It’s a testament to the quality of 2017’s releases that despite the fact that I played more games this year than I ever have in one trip around the sun—at least 108 by my estimate—I’m writing this list with the nagging feeling that there are at least a dozen other titles that would have had a shot if only I had had time (and money) to play them.

So to Wolfenstein 2, Observer, Night in the Woods, Tacoma, Yakuza 0, South Park: The Fractured But Whole, Middle-Earth: Shadow of War, Doki Doki Literature Club, Butterfly Soup, Uncharted: Lost Legacy, Nioh, Assassin’s Creed: Origins and Divinity Original Sin 2 — I’m sorry I didn’t have time for you. I’ll do better next year.

That anxiety, that Fear Of Missing Out, was painfully omnipresent in the first year of the Trump administration: fear of missing out on great games, yes, but also fear of taking a nap and missing out on the tweet that launched a nuclear catastrophe.

So as I write this list, I’m grateful for the dramatic irony of timing; that as living in the real world became more and more terrifying, hundreds of beautiful virtual ones were waiting to welcome us in.



10. Little Nightmares

Little Nightmares isn’t actually Inside-lite, but in a year that was positively flooded with great titles, it was convenient to dismiss Tarsier’s gem as a simple retread of (IMHO) last year’s best game and move on. For me, the comparison did the opposite. It enticed me. And what I found as I explored the Maw—the hulking and horrifying ocean liner that the player crept through, was that Little Nightmares’ horrors were unique, fresh and consistently evolving. Take, for example, my favorite level — a large kitchen, operated by two grotesque chefs. The player’s job is to avoid the twin cooks as they waddle around the squalid galley preparing a massive feast (for whom, I won’t spoil). If spotted, the chefs shriek and take off in pursuit. If they apprehend Six, she becomes an ingredient in the meal. Get caught by a big brass pot? The chefs plop Six into the soup. Nabbed near the fish? Six is stuffed into its gaping underbelly. Little Nightmares is packed with this kind of small, macabre touches, and they build a skin-crawling sense of setting as the game hurtles to its powerful finale. How can you not love a game that has the player grinding a hunk of meat into sausage in order to swing to safety on the end of a dangling tube steak?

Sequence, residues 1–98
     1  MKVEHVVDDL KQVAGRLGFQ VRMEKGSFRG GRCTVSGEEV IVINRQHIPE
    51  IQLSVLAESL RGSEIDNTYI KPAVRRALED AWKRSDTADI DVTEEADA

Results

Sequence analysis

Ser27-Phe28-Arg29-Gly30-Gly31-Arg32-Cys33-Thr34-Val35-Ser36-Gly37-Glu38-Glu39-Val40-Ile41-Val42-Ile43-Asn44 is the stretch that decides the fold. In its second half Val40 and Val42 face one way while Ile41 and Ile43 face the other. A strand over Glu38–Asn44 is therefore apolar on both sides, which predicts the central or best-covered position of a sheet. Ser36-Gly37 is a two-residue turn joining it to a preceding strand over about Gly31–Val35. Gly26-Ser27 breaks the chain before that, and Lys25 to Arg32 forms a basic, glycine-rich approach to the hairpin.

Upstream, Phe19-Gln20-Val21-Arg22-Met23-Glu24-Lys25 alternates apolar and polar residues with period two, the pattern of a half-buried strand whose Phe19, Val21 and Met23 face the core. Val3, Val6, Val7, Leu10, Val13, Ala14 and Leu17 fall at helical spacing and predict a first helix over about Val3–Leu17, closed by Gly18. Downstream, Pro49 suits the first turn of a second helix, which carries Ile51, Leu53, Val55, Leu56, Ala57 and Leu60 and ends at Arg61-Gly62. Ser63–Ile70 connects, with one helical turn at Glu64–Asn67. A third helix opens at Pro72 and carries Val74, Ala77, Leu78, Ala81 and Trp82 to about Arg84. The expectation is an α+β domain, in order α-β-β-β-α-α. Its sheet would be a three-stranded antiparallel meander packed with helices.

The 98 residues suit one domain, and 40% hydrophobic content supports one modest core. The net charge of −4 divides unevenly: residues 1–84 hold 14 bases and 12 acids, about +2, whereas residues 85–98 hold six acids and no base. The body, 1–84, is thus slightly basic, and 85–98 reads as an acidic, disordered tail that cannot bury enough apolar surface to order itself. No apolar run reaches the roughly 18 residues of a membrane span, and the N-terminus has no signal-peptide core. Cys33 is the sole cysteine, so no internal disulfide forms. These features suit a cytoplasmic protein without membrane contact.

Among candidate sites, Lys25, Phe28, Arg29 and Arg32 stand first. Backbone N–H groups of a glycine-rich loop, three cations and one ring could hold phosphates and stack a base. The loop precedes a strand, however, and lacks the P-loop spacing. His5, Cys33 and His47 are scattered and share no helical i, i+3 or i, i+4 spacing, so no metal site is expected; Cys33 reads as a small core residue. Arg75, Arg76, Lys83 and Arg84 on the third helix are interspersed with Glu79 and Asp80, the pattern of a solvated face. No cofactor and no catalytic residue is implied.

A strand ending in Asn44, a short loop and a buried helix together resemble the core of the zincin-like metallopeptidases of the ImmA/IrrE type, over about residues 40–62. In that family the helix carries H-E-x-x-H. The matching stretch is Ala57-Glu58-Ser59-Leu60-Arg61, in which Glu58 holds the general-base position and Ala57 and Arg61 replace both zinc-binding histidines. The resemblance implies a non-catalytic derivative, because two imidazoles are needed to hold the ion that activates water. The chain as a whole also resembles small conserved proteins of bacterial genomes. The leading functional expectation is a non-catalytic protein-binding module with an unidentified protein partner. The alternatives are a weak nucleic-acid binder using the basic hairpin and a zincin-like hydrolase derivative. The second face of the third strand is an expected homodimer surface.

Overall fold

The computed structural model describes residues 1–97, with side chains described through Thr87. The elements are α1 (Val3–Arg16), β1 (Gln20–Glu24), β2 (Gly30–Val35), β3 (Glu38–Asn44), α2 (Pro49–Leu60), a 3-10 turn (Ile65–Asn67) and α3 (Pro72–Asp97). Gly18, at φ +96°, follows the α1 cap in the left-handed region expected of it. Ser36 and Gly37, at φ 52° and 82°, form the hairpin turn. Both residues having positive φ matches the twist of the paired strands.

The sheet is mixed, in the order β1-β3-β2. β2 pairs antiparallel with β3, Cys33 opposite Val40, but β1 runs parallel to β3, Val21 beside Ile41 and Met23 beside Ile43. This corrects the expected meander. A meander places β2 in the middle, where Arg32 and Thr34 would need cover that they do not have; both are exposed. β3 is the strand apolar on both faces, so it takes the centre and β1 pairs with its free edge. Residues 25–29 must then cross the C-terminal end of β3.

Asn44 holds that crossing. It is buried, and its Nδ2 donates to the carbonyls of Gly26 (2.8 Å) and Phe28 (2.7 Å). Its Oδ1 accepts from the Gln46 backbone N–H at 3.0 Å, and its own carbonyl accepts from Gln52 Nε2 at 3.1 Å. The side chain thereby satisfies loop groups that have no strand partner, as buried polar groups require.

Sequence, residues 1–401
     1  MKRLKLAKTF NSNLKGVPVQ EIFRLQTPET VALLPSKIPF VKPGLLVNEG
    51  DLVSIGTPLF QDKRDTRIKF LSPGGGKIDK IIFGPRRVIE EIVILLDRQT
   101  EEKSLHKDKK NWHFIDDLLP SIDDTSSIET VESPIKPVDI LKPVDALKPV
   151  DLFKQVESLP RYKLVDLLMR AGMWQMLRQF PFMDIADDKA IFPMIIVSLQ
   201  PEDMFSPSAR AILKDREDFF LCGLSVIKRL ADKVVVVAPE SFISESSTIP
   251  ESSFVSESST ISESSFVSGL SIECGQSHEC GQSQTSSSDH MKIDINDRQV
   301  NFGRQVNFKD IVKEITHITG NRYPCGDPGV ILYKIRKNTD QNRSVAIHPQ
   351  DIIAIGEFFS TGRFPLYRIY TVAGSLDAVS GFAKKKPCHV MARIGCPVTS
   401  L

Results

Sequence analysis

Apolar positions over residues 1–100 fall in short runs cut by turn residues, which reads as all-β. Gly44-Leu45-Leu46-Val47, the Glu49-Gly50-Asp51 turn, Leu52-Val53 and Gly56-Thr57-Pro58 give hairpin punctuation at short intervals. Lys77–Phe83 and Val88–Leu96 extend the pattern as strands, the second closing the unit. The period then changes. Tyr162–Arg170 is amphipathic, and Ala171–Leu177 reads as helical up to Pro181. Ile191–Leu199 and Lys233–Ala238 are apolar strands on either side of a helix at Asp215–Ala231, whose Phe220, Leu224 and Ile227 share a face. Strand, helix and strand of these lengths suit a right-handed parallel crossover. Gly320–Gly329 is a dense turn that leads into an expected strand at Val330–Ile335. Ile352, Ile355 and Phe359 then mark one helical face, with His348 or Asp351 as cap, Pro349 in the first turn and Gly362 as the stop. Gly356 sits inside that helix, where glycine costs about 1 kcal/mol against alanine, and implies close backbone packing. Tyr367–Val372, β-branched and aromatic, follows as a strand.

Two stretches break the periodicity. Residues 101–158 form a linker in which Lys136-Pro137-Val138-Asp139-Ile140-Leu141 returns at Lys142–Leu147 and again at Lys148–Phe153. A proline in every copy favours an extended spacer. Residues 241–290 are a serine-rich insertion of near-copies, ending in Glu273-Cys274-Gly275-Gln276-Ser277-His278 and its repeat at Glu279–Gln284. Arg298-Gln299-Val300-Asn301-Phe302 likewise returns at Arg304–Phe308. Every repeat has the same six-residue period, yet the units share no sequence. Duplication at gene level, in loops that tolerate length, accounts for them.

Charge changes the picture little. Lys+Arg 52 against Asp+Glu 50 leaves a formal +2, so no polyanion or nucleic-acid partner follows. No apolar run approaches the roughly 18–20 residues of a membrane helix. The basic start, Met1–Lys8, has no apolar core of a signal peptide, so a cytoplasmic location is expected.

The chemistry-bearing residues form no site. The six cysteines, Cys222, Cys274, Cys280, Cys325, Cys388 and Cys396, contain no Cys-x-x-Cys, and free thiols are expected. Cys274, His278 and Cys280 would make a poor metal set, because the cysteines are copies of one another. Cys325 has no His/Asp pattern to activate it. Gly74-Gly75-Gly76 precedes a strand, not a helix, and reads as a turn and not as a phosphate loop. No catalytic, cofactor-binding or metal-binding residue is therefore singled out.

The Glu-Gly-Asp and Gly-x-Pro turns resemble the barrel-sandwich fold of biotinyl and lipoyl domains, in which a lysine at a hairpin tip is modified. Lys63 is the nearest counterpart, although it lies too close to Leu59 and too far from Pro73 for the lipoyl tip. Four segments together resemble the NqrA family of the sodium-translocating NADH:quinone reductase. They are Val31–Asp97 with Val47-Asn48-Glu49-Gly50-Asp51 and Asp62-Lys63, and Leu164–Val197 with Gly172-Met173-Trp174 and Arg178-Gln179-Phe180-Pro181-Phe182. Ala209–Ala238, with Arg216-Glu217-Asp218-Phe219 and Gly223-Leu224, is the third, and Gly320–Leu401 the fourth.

9. NieR: Automata

I need to finish NieR: Automata. Okay, actually, I’ve finished it twice, but I still need to finish it finish it. This game had me under its spell during my first playthrough, as it introduced me to 2B and 9S, Adam and Eve, and clunky robots pantomiming sex and then combining Megazord-style to produce a goopy android Ken doll from their communal birth canal. But, the repetition is killing me. While NieR provides interesting hooks that tweak gameplay on subsequent playthroughs and adds scenes between familiar story beats, it isn’t different enough. And the combat—which involves hacking, slashing and firing endless energy rounds at bullet-sponge machines for minutes on end until they fall to pieces—does it for me less than just about any other game I played this year. So, why did NieR: Automata make my list at all? Because it goes interesting places and explores interesting ideas that I haven’t seen tackled in the AAA game space before (and does it as an incredible soundtrack undulates between orchestral swells and 8-bit bloops). I want more games like NieR. I just don’t want more games exactly like NieR.



8. Prey